Crime is once again a major issue in the presidential election. Although less so in 2020, in 2016 crime related to immigration in particular was one of the primary themes of Donald Trump’s campaign. Many Americans presume that immigrants, especially illegal immigrants, commit crimes at higher rates than American citizens. A 2018 Grinnell College poll found that 30% of respondents thought that illegal immigrants committed violent crimes at higher rates, compared to 20% who thought lower. The 2000 General Social Survey found that 73% of respondents thought that it was “very likely” or “somewhat likely” that crime rates would increase as a result of increased immigration into the United States.
Whether this perception is true is another matter. Several studies have found that immigrants commit crimes at lower rates than US citizens, though this is difficult to show definitively, especially in the case of illegal immigrants because we don’t know how many there are in different parts of the country. However, we do know that many immigrants, legal and illegal, partake in seasonal farm work. 71% of seasonal farm laborers from 2000-2016 were born in Mexico. In a working paper with fellow ageconmt.com Diane Charlton (and Alex James of the University of Alaska) we analyze how criminal activity behaves in places that use lots of seasonal agricultural labor during the “peak” seasons.
Farms that use the most seasonal labor are primarily Fruit, Vegetable, and Horticultural (FVH) farms, which require substantial manual labor for picking during harvest season. We identify counties that experience seasonal employment spikes in these sectors and compare how criminal activity changes during these months compared to counties without significant seasonal labor. We find that crime rates (measured as count of crimes divided by total labor force) decrease for both property and violent crimes. However, we cannot measure exact crime rates because we don’t observe county population every month. But even the number of total crimes is unaffected, which is surprising given the additional population implied by an influx of seasonal laborers.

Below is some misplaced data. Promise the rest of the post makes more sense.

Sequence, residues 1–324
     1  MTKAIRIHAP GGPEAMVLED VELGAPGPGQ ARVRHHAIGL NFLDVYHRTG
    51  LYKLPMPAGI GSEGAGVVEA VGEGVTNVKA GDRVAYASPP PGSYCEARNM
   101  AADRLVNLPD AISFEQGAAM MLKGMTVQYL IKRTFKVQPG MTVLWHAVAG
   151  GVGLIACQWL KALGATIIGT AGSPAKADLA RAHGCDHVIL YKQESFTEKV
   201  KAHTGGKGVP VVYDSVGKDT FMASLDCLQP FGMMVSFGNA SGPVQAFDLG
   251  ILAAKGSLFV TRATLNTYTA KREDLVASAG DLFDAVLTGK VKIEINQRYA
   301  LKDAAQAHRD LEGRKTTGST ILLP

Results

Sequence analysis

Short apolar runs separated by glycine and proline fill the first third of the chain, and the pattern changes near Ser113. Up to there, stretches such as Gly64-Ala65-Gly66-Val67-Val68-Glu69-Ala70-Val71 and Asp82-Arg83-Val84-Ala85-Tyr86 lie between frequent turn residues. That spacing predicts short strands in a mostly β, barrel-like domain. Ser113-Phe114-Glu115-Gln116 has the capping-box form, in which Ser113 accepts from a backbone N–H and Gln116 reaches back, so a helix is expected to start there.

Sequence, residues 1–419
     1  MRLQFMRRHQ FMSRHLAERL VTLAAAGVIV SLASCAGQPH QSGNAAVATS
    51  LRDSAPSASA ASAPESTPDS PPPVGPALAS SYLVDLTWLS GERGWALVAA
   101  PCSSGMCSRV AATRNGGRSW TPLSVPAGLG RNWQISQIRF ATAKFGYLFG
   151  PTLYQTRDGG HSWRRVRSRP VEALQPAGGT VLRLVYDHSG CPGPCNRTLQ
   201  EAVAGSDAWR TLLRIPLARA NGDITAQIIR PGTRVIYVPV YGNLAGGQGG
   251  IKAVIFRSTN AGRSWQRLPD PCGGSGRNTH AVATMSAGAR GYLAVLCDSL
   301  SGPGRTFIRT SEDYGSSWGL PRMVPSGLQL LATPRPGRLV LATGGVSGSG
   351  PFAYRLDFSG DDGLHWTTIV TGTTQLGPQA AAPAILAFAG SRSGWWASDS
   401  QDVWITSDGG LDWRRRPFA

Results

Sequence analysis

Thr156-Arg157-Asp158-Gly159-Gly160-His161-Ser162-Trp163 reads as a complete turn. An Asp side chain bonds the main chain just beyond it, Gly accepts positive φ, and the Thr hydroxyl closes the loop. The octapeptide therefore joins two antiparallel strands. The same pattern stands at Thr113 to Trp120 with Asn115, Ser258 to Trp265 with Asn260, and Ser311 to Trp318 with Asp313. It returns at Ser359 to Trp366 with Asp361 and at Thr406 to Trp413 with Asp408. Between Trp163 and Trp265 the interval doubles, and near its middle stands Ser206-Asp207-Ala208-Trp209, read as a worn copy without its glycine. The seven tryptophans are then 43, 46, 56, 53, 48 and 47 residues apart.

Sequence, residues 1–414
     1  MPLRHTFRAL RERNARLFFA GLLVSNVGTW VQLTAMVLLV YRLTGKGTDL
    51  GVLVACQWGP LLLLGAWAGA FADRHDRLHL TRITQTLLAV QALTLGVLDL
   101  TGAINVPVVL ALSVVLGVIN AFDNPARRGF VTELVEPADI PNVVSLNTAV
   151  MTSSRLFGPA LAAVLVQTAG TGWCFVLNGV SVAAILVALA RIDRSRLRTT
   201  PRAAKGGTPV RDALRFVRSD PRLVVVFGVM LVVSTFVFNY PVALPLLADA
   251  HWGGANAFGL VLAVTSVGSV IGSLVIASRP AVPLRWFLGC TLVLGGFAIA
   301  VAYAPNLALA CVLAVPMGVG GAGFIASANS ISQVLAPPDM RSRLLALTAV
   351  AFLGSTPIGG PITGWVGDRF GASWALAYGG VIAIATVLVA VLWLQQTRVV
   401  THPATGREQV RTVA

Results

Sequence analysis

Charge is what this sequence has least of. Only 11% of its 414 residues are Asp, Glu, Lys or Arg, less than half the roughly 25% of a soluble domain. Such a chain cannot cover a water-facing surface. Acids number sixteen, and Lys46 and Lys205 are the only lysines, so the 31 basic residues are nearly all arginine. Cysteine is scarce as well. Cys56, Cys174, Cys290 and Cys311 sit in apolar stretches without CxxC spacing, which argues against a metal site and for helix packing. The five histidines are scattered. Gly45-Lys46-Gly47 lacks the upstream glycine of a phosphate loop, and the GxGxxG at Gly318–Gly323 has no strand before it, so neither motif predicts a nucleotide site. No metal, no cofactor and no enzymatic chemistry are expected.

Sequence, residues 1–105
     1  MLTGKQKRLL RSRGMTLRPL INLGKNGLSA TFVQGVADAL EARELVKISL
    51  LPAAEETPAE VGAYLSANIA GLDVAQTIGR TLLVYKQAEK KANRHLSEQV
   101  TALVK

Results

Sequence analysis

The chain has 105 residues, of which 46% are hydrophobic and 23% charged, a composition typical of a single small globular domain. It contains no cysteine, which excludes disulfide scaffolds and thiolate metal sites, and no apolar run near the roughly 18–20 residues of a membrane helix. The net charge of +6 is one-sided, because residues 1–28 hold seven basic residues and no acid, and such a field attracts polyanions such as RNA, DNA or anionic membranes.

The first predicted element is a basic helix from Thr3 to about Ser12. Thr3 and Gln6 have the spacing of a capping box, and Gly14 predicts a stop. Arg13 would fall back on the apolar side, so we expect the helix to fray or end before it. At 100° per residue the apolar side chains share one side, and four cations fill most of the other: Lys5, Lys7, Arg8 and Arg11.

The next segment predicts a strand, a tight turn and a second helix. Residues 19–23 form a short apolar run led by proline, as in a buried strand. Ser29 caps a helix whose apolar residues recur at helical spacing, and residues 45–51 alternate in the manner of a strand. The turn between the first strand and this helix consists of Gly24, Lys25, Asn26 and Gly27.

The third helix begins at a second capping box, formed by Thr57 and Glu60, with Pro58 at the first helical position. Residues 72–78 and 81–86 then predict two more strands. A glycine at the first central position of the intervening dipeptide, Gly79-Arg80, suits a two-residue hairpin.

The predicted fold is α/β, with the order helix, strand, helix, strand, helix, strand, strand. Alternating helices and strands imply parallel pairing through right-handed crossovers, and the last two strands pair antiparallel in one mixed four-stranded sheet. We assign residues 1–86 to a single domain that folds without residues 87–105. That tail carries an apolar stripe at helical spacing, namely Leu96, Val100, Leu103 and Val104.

While these results are interesting, they are not exactly measuring whether immigrant farm workers commit crimes at lower rates than the permanent population, but rather how overall criminal activity is impacted by harvest season. It could be the case that the enhanced economic activity reduces crime during harvest season, even among non-farm workers. Indeed, we find that employment in non-agricultural sectors also increases in these counties, likely reflecting increased demand for labor in secondary agricultural sectors and the service sector. Still, the oft-expressed fears that influxes of foreign-born farm workers will cause spikes in crime appear to be misplaced.